In 1960, Spear described “giant glomeruli” in adult patients with cyanotic congenital heart disease [14], the pathogenesis of which was unexplained at that time. More recently, glomeruli of adults with cyanotic congenital heart disease have been characterized by dilated hilar arterioles, an increase in glomerular capillary diameter with red cell engorgement and glomerular enlargement [15]. The pathogenic mechanism behind these changes is thought to be due to stimulation of intraglomerular nitric oxide release though increased endothelial shear stress, which accompanies increased whole blood viscosity [15].

Non-vascular glomerular abnormalities also suggest additional pathogenic mechanisms in cyanotic congenital heart disease. Increased juxtaglomerular and mesangial cellularity and increased mesangial matrix has been demonstrated, with the presence of a left to right shunt being a major contributing factor [15, 16]. Megakaryocytes normally enter the systemic venous bed from the bone marrow, and make their way to the lungs where they shed platelets. In the presence of a left-to-right shunt, megakaryocytes could enter the systemic arterial circulation and fortuitously lodge in the glomerular capillaries where they release high concentrations of mitogens/chemokines including platelet derived growth factor and transforming growth factor beta [15].

Chronic local tissue hypoxia has been shown to have an important role in CKD development in a number of disease states, including diabetes, hypertension, and cyclosporine toxicity [17]. It is quite plausible that chronic hypoxia associated with congenital heart disease could have an equal role in the initiation and development of progressive renal disease in this population. There is evidence of a mitogenic and fibrogenic role for hypoxia in several cell systems, including renal tubular epithelium and glomerular mesangial cells [16, 18]. Hypoxia induces a significant increase in the mRNA levels of extracellular matrix proteins including type IV collagen, fibronectin, and laminin in cultured rat mesangial cells, human proximal tubular epithelial cells and human cortical interstitial fibroblasts [16, 19]. The signaling pathway through which hypoxia increases cell proliferations and matrix expression in the kidney is thought to involve transforming growth factor beta, osteopontin, nitric oxide, and p38 mitogen-activated protein kinase [16]. Although no studies have evaluated the time course for the development of hypoxia-induced changes in congenital heart disease, animal models demonstrate that renal tubular structure is abnormal and interstitial fibrosis is present after a relatively short period of tissue hypoxia (28 days in rats) [20].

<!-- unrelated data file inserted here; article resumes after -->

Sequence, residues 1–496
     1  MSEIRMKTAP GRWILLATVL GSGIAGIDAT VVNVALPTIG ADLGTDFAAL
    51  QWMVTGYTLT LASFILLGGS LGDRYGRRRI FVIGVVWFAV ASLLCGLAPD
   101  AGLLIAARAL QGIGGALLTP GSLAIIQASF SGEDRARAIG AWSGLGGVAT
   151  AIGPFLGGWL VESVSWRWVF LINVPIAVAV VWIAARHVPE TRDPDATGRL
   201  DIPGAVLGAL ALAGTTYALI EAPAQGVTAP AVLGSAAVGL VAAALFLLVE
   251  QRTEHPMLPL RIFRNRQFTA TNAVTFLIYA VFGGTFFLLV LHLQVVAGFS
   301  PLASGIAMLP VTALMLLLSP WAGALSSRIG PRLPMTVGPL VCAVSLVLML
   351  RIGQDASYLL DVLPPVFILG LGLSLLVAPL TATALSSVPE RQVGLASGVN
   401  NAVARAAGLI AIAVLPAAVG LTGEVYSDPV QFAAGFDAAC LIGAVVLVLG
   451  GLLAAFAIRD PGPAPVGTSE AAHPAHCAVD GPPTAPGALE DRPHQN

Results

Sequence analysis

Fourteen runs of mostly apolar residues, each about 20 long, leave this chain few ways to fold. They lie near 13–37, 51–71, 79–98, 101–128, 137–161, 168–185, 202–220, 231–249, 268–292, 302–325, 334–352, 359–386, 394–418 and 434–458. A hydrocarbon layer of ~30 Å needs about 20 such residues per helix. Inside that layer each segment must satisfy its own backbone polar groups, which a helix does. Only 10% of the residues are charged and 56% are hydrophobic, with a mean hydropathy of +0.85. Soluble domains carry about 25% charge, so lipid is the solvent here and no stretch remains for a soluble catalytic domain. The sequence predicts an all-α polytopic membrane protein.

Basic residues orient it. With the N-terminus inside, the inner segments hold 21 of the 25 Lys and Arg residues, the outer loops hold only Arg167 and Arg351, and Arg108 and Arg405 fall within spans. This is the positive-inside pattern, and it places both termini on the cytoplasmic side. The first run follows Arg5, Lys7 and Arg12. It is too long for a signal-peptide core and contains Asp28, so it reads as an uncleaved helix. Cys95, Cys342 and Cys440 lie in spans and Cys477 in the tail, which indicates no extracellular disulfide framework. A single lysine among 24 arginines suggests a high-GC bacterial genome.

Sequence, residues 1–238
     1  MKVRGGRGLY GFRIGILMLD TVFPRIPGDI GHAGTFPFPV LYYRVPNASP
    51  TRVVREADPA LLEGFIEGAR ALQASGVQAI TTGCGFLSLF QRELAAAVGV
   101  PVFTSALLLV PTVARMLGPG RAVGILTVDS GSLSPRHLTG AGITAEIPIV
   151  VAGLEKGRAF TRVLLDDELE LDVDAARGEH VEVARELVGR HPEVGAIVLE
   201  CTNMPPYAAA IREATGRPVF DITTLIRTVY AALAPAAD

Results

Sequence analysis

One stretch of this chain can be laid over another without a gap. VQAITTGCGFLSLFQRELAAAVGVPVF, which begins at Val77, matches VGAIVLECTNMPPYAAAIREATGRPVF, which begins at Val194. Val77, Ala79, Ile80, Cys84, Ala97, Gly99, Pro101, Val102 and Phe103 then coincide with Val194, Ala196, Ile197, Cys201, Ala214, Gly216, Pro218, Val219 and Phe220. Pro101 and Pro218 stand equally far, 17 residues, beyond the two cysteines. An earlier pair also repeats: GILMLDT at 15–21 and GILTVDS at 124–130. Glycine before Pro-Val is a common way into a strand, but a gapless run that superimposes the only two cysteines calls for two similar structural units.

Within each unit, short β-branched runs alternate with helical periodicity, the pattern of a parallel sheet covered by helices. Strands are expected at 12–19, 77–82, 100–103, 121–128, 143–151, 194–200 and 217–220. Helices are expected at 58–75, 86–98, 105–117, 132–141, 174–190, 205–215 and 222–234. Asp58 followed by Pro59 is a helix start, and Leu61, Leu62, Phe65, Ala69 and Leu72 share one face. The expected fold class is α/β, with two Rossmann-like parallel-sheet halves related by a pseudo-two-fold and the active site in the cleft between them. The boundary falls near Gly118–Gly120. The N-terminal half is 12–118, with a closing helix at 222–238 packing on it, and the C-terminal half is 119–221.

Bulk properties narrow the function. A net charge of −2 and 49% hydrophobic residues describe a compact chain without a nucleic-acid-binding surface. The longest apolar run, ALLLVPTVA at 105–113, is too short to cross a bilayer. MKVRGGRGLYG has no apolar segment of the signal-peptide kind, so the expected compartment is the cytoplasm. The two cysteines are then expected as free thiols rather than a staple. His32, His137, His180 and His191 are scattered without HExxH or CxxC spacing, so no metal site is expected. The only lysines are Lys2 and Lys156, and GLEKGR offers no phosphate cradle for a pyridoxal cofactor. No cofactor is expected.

Neurohormonal derangements, including elevated levels of atrial natriuretic peptide, renin, aldosterone and norepinephrine, have been demonstrated in patients with congenital heart disease, persisting many years after surgical repair of cardiac defects [2124]. Similarly, global impairment of autonomic nervous system regulation is present and persists late after repair of a number of congenital heart disease lesions, including Tetralogy of Fallot and Fontan-type operations [25, 26]. Given the central role of these neural and hormonal mechanisms in renal physiology, including blood flow regulation, intraglomerular hemodynamic control, and tubular function, they have significant potential to contribute to the evolution of CKD in congenital heart disease.